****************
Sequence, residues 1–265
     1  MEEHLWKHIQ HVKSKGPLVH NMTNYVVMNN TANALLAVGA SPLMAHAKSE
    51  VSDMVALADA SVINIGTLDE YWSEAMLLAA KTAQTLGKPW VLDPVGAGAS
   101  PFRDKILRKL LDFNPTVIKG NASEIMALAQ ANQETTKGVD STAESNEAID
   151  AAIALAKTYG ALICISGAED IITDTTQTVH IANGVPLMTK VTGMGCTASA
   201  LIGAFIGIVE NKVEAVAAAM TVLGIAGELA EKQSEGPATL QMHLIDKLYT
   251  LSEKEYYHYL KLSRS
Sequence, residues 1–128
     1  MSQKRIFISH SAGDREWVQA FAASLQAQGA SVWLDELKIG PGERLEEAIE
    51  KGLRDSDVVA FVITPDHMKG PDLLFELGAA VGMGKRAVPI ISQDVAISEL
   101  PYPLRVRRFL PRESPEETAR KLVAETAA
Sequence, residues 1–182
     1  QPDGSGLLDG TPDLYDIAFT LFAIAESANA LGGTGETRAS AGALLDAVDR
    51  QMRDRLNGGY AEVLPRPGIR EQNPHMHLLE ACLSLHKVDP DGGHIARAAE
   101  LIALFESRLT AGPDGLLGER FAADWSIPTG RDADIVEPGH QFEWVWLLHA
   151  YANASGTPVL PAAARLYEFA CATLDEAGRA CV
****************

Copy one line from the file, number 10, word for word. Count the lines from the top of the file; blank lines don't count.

    51  KGLRDSDVVA FVITPDHMKG PDLLFELGAA VGMGKRAVPI ISQDVAISEL